Can I get money from my IRA tax free due to Covid-19?
In response to the Covid-19 pandemic, the CARES Act changed several IRA and retirement plan rules for people of all ages. The Act allows qualified individuals to take distributions during 2020 of up to $100,000 penalty-free, but not tax-free, from their IRAs or company plans like a 401(k). The law allows company plans to permit coronavirus related distributions (CRDs) and loans up to $100,000, but no plan is required to allow either and most plans will need to be amended to add these features.
To make a CRD tax free, the distribution must be returned to the IRA or retirement plan within three years of the date of distribution.
The default tax treatment of CRDs is to spread the taxable income evenly over 2020, 2021 and 2022 tax returns. Alternatively, the taxpayer may opt to report all the income on their 2020 return. To make a CRD tax free, the distribution must be returned to the IRA or retirement plan within three years of the date of distribution. If this is done in 2021 or 2022, an amended return may be required to get back the taxes paid before funds were returned to the respective accounts.
Individuals wishing to treat a distribution as a CRD must:
- Be diagnosed with the SARS-CoV-2 or COVID-19 virus by a test approved by the CDC or;
- Have a spouse or dependent who is diagnosed or;
- Experience “adverse financial consequences” from being quarantined, such as being furloughed, laid off, having hours reduced, being unable to work due to lack of childcare, or owning or operating a business that closed or reduced hours.
Covid distributions can be made as frequently as needed but cannot exceed a total of $100,000, regardless of from which eligible accounts the distributions are taken. CRD treatment can apply to any distribution taken in 2020, including distributions taken before the CARES Act date of enactment or outside of quarantining periods. The funds can be used for any purpose. If you would like more details, contact us or see the IRS FAQ page regarding Covid related relief for retirement plans.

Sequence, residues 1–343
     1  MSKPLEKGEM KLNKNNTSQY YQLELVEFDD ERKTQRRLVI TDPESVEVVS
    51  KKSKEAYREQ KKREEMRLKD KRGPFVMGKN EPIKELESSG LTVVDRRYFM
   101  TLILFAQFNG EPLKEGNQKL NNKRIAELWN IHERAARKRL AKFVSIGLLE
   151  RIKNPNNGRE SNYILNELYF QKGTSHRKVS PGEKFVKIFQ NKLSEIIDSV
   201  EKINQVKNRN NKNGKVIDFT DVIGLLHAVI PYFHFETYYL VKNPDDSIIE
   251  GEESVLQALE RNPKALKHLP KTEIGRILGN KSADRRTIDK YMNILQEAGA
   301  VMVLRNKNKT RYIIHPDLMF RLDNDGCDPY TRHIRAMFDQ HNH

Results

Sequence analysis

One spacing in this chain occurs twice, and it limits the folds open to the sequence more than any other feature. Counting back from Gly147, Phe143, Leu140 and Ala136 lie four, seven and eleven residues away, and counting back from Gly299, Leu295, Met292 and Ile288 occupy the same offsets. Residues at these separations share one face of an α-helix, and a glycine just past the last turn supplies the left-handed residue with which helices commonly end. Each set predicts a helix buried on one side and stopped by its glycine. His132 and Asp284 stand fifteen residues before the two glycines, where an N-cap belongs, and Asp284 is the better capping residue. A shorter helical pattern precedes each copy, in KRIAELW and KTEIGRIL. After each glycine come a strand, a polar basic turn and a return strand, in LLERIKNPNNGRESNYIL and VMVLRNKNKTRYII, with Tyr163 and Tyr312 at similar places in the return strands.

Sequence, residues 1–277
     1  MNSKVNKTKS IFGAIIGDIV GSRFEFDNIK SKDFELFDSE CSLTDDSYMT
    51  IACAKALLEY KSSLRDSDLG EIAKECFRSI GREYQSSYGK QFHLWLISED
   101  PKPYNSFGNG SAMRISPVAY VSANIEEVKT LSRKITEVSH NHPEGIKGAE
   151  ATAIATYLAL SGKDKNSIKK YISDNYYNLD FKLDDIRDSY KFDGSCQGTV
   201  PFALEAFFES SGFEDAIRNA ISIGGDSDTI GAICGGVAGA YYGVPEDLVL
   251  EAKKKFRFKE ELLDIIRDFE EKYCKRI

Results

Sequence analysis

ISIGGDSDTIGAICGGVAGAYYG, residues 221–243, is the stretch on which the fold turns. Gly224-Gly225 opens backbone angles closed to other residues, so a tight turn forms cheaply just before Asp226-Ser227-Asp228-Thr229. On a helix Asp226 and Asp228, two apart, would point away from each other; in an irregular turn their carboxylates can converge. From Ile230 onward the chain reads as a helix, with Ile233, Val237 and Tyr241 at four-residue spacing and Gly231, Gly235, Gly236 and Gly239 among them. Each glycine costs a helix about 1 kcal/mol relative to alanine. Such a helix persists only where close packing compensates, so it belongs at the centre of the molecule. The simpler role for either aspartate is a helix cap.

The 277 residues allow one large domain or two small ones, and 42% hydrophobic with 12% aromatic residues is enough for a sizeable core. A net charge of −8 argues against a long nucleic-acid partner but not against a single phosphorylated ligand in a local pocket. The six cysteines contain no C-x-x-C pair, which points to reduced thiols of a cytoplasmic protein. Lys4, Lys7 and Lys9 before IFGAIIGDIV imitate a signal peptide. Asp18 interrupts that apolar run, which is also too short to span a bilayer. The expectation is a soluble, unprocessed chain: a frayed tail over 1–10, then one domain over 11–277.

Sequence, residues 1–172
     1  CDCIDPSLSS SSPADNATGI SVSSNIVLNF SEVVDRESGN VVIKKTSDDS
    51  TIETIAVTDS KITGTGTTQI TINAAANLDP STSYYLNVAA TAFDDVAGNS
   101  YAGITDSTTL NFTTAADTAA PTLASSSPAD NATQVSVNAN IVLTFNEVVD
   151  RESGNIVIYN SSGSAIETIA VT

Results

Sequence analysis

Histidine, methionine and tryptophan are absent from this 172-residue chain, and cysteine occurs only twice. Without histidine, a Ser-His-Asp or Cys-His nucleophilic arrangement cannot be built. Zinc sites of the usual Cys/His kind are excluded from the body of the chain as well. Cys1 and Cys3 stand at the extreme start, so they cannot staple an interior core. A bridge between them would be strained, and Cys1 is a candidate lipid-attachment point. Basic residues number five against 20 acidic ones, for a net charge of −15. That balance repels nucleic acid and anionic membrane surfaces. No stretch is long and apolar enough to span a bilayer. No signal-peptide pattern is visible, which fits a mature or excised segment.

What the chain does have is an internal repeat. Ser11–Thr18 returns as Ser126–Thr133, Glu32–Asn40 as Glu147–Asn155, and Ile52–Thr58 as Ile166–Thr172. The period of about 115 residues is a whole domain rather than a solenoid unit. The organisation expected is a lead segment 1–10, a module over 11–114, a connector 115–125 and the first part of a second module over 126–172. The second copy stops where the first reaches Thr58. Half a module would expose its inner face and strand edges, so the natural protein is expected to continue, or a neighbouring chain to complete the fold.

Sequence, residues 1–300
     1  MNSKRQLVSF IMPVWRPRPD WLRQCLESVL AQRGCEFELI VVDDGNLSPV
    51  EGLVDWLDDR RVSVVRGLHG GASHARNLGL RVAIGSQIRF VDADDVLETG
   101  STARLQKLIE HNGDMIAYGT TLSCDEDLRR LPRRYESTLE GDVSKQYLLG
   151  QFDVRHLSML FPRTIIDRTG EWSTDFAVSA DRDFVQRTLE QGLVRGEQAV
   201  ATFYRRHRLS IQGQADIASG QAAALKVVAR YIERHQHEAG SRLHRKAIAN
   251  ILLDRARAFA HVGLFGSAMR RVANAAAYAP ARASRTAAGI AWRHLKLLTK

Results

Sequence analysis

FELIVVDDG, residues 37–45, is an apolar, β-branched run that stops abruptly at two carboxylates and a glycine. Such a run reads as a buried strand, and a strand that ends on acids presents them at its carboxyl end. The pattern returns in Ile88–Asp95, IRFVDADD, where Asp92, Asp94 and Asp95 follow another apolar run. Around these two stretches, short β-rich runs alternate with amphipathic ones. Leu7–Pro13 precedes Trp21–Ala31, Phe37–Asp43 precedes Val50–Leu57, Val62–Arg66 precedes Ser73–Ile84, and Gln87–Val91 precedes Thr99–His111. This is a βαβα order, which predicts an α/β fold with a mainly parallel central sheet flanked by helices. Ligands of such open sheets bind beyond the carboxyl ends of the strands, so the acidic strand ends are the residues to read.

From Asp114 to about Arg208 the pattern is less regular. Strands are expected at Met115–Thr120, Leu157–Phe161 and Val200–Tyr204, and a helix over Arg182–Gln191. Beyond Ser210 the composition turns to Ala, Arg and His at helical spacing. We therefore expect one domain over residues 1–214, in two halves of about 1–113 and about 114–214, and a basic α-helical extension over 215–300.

It is not too late to make IRA contributions
The federal deadline to make 2019 contributions to traditional IRAs, Roth IRAs, and Health Savings Accounts has been extended. If you have earned income and are eligible to make a contribution, you have until July 15, 2020 rather than April 15, 2020.
CARES Act changes RMD rules
Taxpayers who turned 70 ½ before December 31, 2019 are subject to Required Minimum Distributions (RMDs) from IRAs and other retirement accounts. For 2020, no RMDs are required for IRAs, Inherited IRAs, and the most common company sponsored retirement plans such as 401(k)s and 403(b)s, regardless of whether a taxpayer has been affected by Covid-19 or not.
For 2020, no RMDs are required for IRAs, Inherited IRAs, and the most common company sponsored retirement plans such as 401(k)s and 403(b)s, regardless of whether a taxpayer has been affected by Covid-19 or not.
According to the new IRS Notice 2020-23, if you have already taken a distribution for RMD purposes from a traditional IRA, as long as the distribution was made on or after February 1, 2020 and you did not utilize a 60 day rollover in the prior 12 months, you can return the funds by July 15, 2020 and avoid the taxes on the distribution. If the distribution came from a 401(k) plan, the same July 15 deadline of returning the funds applies, but the 12-month rule regarding rollovers does not. We hope to see guidance allowing the return of January 2020 distributions from all types of affected accounts later in the year.
Skipping RMDs in 2020 will lower your 2020 tax bill. However, while you do not have to take money from your accounts, you may wish to do so anyway. Talk to your advisor about this issue.
Note: The waiver of RMDs for 2020 does not affect the ability to make Qualified Charitable Distributions (QCDs) from IRA accounts. QCDs remain the most tax efficient way to make charitable donations for persons over age 70 ½ and we believe many non-profits will appreciate the donations more than usual this year..